High injury rates among workers have prompted the use of mechanical lift equipment to transfer and lift residents in long-term care facilities. The use of this equipment may benefit residents, too, by improving aspects of mobility and helping to avoid injury. This Commonwealth Fund–supported study examined the relationship between residents’ well-being and the availability of lift equipment and safe-lifting policies and procedures.
What the Study Found
Although the impetus for safe-lifting practices in long-term care was originally meant to stem high rates of caregiver injury, researchers found that they were also associated with benefits to residents. In the facilities with the fewest lifts, 16 percent of residents had pressure ulcers and 4 percent were bedfast, or confined to their beds. In facilities with the most lifts, 10 percent of residents had pressure ulcers and 2 percent were bedfast. Although resident falls were more frequent with more lift use, facilities with safe-lifting policies and procedures had fewer falls.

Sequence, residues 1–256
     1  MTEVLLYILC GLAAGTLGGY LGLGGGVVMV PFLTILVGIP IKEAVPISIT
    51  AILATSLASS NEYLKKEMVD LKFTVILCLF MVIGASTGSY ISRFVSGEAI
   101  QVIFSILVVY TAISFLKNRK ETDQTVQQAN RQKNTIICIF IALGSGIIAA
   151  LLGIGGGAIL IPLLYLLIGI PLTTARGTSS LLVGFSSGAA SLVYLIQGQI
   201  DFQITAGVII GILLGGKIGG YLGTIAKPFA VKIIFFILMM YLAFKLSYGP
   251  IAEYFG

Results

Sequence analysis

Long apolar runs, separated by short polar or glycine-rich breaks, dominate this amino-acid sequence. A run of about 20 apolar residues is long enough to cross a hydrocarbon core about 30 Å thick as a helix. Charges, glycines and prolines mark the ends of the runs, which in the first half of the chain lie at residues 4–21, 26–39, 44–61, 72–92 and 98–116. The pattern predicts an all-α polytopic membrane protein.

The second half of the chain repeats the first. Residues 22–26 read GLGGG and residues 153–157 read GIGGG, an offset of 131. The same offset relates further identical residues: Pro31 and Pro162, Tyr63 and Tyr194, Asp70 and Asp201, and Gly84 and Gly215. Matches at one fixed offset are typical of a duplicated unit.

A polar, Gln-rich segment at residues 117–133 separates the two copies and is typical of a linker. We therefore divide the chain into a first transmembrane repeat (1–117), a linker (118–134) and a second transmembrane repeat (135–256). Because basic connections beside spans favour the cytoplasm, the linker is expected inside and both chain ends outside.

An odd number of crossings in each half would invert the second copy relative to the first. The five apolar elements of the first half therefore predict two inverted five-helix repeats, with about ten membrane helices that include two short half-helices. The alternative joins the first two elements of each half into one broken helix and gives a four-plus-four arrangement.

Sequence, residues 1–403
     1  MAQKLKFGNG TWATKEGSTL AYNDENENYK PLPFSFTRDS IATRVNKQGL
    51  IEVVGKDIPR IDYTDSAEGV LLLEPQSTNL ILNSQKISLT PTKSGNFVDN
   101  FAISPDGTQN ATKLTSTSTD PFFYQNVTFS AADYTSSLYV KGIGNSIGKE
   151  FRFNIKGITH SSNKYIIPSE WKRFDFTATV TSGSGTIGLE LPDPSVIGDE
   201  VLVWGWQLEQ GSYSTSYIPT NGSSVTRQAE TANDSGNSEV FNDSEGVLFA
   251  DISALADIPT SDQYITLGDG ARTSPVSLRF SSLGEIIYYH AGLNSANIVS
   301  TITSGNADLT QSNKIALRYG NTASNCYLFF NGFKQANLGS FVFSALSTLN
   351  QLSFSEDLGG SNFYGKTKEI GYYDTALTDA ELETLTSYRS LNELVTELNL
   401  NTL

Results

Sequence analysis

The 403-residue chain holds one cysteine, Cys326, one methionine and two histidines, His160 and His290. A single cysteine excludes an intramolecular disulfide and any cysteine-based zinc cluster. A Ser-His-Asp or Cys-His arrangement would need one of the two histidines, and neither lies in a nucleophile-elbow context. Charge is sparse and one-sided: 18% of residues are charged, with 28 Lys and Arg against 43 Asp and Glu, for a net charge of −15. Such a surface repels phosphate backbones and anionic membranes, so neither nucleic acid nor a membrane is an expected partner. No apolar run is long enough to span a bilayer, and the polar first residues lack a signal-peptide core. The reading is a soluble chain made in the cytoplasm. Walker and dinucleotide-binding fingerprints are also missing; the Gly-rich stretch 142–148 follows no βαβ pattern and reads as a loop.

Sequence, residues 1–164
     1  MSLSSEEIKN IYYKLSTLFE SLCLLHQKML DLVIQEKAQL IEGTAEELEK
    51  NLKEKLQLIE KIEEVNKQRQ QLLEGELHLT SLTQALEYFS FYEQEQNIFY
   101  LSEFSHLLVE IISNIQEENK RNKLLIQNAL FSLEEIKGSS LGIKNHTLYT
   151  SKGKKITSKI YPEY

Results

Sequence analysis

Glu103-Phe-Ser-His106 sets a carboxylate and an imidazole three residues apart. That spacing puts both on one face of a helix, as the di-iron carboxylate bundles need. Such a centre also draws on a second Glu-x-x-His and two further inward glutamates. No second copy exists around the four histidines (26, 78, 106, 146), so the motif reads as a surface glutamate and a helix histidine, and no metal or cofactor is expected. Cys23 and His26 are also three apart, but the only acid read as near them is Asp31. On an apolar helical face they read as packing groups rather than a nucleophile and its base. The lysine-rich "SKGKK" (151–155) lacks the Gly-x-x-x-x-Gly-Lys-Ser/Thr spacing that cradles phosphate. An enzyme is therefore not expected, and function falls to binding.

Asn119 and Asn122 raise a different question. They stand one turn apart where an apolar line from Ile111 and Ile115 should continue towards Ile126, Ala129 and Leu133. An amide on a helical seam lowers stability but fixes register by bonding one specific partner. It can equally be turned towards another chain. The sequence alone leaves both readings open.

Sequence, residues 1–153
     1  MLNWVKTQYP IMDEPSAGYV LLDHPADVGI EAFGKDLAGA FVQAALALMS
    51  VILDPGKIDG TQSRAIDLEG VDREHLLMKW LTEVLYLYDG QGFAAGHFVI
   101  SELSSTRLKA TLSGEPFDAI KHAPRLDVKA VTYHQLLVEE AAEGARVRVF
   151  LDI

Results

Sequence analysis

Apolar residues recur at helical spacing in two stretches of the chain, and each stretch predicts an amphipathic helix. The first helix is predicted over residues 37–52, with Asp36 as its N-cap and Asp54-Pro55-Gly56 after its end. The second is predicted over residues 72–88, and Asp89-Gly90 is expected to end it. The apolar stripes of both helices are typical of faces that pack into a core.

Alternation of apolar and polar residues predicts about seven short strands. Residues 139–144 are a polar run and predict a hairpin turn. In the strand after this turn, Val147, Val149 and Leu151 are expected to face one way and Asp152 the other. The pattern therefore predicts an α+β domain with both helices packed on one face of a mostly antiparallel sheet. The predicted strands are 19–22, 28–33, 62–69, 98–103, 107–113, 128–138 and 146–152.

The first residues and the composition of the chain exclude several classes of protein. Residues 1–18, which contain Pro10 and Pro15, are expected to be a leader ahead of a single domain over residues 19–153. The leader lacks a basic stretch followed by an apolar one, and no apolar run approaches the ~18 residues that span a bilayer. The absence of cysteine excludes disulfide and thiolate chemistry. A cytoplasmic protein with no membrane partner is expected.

The availability of mechanical lifts is associated with benefits to residents, including fewer pressure ulcers and less confinement to beds or chairs. The slight increase in falls may be a risk inherent in trying to increase the mobility among those with impairments and may be mitigated by following safe-lifting policies and procedures.